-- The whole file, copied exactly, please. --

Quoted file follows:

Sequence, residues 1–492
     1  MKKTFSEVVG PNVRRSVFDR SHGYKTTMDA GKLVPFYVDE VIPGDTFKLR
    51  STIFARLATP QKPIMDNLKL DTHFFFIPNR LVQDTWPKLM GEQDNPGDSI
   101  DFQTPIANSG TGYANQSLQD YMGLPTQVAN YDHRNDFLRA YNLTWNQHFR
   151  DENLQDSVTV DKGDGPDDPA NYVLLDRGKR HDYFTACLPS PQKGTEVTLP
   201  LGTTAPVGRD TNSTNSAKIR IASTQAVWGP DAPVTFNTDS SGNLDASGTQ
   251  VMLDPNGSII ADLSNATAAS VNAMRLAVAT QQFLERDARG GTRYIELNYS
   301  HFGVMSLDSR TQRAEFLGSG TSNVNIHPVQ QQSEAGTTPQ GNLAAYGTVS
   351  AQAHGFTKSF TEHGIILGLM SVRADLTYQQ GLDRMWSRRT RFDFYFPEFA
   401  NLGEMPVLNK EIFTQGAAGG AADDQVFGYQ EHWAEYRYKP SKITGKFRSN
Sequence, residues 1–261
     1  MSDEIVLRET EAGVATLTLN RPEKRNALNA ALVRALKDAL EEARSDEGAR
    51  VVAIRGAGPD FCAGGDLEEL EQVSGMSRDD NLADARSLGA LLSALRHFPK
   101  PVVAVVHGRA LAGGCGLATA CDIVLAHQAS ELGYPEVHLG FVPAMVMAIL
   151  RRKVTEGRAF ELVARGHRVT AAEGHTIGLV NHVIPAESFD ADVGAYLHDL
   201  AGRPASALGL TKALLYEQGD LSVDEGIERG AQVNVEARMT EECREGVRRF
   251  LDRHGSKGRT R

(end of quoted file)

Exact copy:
Sequence, residues 1–492
     1  MKKTFSEVVG PNVRRSVFDR SHGYKTTMDA GKLVPFYVDE VIPGDTFKLR
    51  STIFARLATP QKPIMDNLKL DTHFFFIPNR LVQDTWPKLM GEQDNPGDSI
   101  DFQTPIANSG TGYANQSLQD YMGLPTQVAN YDHRNDFLRA YNLTWNQHFR
   151  DENLQDSVTV DKGDGPDDPA NYVLLDRGKR HDYFTACLPS PQKGTEVTLP
   201  LGTTAPVGRD TNSTNSAKIR IASTQAVWGP DAPVTFNTDS SGNLDASGTQ
   251  VMLDPNGSII ADLSNATAAS VNAMRLAVAT QQFLERDARG GTRYIELNYS
   301  HFGVMSLDSR TQRAEFLGSG TSNVNIHPVQ QQSEAGTTPQ GNLAAYGTVS
   351  AQAHGFTKSF TEHGIILGLM SVRADLTYQQ GLDRMWSRRT RFDFYFPEFA
   401  NLGEMPVLNK EIFTQGAAGG AADDQVFGYQ EHWAEYRYKP SKITGKFRSN
Sequence, residues 1–261
     1  MSDEIVLRET EAGVATLTLN RPEKRNALNA ALVRALKDAL EEARSDEGAR
    51  VVAIRGAGPD FCAGGDLEEL EQVSGMSRDD NLADARSLGA LLSALRHFPK
   101  PVVAVVHGRA LAGGCGLATA CDIVLAHQAS ELGYPEVHLG FVPAMVMAIL
   151  RRKVTEGRAF ELVARGHRVT AAEGHTIGLV NHVIPAESFD ADVGAYLHDL
   201  AGRPASALGL TKALLYEQGD LSVDEGIERG AQVNVEARMT EECREGVRRF
   251  LDRHGSKGRT R